Definition of drench in English:

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Pronunciation: /dren(t)SH/


[with object]
1Wet thoroughly; soak: I fell in the stream and got drenched (as noun drenching) a severe drenching would kill his uncle
More example sentences
  • ‘When you water the plant, the cactus should be drenched thoroughly’, says a gardener.
  • If you're still not wet by the end, there's a giant power shower to make sure you're thoroughly drenched.
  • I taunted the rain to soak me, drenching what bit parts it hadn't already.
drown, swamp, inundate, flood;
steep, bathe
1.1Cover (something) liberally or thoroughly: cool patios drenched in flowers
More example sentences
  • The view out the window was sun drenched and warm, boasting a rolling hillside covered by a grassy ocean of nameless headstones.
  • They cry out in a familiar musical language of liberation, but the politics are drenched with irony.
  • As soon as the other side has browned, she grabbed up some pancakes, drenching them in maple syrup, and some Cool Whip that was resting on the counter.
2Forcibly administer a drug in liquid form orally to (an animal).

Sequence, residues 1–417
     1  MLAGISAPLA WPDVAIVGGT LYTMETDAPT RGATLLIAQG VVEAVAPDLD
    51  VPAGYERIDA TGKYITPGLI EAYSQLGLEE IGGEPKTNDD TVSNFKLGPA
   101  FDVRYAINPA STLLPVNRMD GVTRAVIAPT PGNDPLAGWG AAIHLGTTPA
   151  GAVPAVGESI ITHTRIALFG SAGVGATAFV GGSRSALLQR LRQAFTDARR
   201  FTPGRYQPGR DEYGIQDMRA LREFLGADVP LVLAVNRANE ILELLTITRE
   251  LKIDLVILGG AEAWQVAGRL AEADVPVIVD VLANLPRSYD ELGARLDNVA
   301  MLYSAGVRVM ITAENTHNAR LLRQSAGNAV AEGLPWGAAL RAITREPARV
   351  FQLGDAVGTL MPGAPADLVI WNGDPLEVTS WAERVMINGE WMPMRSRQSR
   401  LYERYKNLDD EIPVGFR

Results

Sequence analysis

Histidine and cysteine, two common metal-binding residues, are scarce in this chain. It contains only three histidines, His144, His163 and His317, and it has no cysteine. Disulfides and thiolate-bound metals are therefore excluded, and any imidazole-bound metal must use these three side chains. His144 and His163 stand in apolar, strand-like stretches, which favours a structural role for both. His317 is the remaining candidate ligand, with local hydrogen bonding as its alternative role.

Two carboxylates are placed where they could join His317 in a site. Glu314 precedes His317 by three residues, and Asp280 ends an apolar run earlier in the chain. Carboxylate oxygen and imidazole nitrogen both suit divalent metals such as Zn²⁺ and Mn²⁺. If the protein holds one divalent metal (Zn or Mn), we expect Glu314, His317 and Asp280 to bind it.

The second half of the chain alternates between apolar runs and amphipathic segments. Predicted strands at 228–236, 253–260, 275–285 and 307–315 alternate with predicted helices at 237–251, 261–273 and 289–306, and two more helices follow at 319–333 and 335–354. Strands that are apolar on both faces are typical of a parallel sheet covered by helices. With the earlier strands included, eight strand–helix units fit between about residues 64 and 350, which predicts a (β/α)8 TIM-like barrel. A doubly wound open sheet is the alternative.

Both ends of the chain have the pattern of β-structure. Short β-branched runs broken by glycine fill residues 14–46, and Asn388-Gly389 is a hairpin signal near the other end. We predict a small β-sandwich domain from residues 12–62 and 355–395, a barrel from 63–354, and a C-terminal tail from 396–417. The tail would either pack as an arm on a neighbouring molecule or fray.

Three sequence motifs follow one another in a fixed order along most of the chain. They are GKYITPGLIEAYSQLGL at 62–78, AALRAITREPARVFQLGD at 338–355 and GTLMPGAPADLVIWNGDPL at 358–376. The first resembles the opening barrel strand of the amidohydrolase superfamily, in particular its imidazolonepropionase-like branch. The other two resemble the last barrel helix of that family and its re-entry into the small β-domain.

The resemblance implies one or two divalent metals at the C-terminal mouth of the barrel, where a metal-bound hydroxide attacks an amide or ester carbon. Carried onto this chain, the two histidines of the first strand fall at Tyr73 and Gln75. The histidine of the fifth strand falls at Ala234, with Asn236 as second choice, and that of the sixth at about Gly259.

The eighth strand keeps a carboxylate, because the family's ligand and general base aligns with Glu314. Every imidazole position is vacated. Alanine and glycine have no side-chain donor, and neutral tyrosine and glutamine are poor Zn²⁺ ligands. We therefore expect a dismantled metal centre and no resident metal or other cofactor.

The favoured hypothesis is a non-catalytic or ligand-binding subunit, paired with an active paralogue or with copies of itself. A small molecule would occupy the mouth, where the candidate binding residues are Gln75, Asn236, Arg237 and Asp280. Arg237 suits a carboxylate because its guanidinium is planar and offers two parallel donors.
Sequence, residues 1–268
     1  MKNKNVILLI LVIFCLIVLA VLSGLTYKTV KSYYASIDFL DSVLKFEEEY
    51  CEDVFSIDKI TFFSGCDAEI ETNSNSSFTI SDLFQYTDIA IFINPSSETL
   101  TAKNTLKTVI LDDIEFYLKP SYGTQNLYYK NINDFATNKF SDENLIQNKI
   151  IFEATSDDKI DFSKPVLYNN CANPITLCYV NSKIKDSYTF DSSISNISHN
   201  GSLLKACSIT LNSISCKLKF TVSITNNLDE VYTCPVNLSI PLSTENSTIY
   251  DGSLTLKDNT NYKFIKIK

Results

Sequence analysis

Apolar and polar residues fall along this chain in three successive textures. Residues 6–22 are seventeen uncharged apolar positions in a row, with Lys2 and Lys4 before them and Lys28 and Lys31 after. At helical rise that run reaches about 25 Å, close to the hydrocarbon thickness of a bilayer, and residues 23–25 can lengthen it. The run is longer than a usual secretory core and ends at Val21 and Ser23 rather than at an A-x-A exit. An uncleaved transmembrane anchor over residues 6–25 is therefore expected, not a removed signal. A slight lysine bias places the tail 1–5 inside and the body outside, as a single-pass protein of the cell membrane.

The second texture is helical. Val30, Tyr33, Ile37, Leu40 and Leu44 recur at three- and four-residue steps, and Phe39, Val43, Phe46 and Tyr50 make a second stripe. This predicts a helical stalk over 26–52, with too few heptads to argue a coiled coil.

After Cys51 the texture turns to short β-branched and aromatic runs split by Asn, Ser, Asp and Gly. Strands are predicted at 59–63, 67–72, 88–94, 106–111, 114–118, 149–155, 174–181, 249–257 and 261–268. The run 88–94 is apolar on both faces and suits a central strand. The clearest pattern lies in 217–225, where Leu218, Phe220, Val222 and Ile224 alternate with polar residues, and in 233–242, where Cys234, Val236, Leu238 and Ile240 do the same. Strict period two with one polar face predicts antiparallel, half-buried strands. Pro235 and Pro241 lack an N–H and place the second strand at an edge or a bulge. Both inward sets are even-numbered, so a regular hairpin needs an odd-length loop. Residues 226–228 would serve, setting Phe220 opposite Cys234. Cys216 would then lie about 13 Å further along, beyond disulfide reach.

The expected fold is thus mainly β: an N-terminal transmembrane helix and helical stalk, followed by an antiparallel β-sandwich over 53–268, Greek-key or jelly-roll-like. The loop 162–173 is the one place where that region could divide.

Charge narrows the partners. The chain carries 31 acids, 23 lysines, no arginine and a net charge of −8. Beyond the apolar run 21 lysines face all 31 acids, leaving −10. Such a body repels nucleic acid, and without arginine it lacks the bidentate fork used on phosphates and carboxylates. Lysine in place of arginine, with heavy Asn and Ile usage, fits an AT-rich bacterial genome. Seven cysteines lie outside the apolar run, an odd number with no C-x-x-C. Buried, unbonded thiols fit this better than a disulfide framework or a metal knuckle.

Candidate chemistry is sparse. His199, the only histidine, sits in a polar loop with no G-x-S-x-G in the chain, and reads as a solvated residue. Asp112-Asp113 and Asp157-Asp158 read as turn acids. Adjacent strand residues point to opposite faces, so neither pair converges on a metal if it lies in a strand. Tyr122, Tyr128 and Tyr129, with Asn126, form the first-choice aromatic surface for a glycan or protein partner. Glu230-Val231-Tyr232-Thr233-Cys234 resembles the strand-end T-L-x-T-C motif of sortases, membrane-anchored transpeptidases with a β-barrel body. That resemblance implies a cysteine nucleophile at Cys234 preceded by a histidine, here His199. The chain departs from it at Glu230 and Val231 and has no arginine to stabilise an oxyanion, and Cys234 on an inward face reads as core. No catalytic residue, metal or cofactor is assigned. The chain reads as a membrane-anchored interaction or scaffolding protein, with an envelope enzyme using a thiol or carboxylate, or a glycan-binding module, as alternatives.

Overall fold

Example sentences
  • ‘It was a time when in-calf cows were drenched with a certain product to prevent milk fever,’ he says.
  • I think that drug was a cattle drench to start off with; I think that is where it originated.
  • Do not drench an animal when you can administer the necessary medicine in any other way.


1A dose of medicine administered to an animal.
Example sentences
  • In the current study, the vitamin E drench was composed of d-alpha tocopherol (free form).
  • If using the white drenches and the yellow drenches that have no persistency post dosing, the recommendation is to dose at 3, 6, 9 and 12 weeks after turnout.
  • They have two concentrated drenches for the control of Fluke & worms in cattle.
1.1 archaic A draft of a medicinal or poisonous liquid.


Old English drencan 'force to drink', drenc 'a drink or draft', of Germanic origin; related to German tränken (verb), Trank (noun), also to drink.

  • drink from Old English:

    Old English drinc ‘drink’ had a close relative drenc which is the source of drench (Old English). The colloquial phrase the drink referring to the sea, dates from the mid 19th century, but drink like a fish goes back to at least the early 17th when John Fletcher and James Shirley wrote a play called The Night-Walker which contains the line ‘Give me the bottle, I can drink like a Fish now, like an Elephant’. Drunk comes from the past tense of drink. We now use the American drunk as a skunk, but Chaucer describes someone as drunk as a mouse; and drunk as a rat or even a wheelbarrow have been used in the past. Drunkards have been with us since at least the 13th century.

Words that rhyme with drench

backbench, bench, blench, clench, Dench, entrench, French, frontbench, quench, stench, tench, trench, wench, wrench

For editors and proofreaders

Syllabification: drench

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